By Evan DeSimone
“Hello,” the latest release from British chanteuse Adele, is an aptly titled break-up anthem designed to welcome fans back into the singer’s sometimes melancholic world ahead of the Nov. 20 release of her album “25.” The video for the song isn’t even one week old and it’s already a record buster on YouTube and Vevo.
“Hello” hit YouTube on Friday, Oct. 23, and rapidly gained traction, racking up 50 million views within its first 48 hours, making it the biggest music video debut of the year. At just over 1 million views per hour, “Hello” is within spitting distance of one of the year’s fastest growing videos overall, the trailer for “Star Wars: The Force Awakens.”At press time, the video has been viewed more than 92.5 million times, giving it one of the largest music video launch weeks of all time.
The success of “Hello” flies in the face of received YouTuber wisdom, holding that regular content is the only way to ensure growth. While many mainstream stars have taken this advice to heart, engaging fans with a constant stream of bonus content, Adele’s YouTube channel has been entirely fallow for just over 3 years. The British chanteuse and her team haven’t uploaded a single video since 2012’s “Skyfall” lyric video, which made its debut on Oct. 18th of that year. While the rapid success of “Hello” certainly speaks to a well-orchestrated publicity campaign, it also serves as evidence of YouTube’s rapidly improving ability to accelerate content to massive audiences.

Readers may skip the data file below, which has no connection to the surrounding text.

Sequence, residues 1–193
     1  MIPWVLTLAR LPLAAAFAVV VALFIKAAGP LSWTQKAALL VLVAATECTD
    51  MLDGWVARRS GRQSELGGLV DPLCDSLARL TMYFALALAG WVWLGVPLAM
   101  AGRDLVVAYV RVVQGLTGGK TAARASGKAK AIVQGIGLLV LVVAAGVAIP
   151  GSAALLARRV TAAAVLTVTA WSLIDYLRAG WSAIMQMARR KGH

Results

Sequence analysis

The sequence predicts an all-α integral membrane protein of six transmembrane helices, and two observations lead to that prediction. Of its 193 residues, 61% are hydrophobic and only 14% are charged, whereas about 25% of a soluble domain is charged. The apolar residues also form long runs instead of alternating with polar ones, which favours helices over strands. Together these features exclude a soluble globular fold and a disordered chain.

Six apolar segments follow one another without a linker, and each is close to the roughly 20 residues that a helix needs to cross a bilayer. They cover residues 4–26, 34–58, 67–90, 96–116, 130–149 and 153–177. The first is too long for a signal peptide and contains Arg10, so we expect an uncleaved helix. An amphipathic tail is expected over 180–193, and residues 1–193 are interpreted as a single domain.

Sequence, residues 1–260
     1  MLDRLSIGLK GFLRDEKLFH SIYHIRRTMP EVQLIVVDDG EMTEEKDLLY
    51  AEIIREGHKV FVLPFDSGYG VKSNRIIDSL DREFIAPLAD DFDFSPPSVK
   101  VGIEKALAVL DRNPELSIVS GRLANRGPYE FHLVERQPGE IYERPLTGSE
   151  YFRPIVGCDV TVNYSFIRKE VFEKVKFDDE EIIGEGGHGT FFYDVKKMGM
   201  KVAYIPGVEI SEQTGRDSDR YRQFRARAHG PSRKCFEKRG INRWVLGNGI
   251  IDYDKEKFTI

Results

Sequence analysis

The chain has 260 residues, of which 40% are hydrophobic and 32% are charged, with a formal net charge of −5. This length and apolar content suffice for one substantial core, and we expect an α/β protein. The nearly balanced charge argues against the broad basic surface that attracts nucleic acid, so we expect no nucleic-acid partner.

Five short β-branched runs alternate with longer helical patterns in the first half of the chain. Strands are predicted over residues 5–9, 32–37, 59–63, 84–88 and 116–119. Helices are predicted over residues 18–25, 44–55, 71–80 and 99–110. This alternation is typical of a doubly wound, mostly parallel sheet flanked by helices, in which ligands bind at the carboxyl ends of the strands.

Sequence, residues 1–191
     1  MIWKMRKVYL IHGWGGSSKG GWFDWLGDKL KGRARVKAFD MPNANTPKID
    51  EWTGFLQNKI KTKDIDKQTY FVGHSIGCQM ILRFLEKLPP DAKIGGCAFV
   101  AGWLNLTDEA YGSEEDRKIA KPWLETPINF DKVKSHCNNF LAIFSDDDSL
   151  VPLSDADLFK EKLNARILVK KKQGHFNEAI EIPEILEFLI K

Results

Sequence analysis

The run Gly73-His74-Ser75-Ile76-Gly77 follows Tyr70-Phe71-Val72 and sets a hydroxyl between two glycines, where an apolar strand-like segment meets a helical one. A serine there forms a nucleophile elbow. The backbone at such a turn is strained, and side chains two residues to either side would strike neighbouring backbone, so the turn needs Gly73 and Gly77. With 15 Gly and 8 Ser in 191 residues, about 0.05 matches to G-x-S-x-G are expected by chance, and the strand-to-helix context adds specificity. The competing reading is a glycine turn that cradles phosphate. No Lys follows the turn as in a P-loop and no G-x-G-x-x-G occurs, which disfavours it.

The video also made waves for Vevo. The music-focused video platform handled the release of “Hello” as part of its partnership with Sony Music Group, the parent of Adele’s home label, Columbia Records. The video topped 27.7 million views in its first 24 hours giving it the largest Vevo debut to-date, topping the previous record holder, Taylor Swift’s “Bad Blood,” by 7.6 million views.
The rapid rise of “Hello” is further proof of YouTube’s potentially seismic influence on the music industry. The company has struggled to articulate its vision for this dominance, as evidenced by the long-delayed launch of its proposed Spotify competitor Music Key. While that product has since been rolled into the release of SVOD product YouTube Red, it’s clear that YouTube will continue to swing a sizable bat with record labels.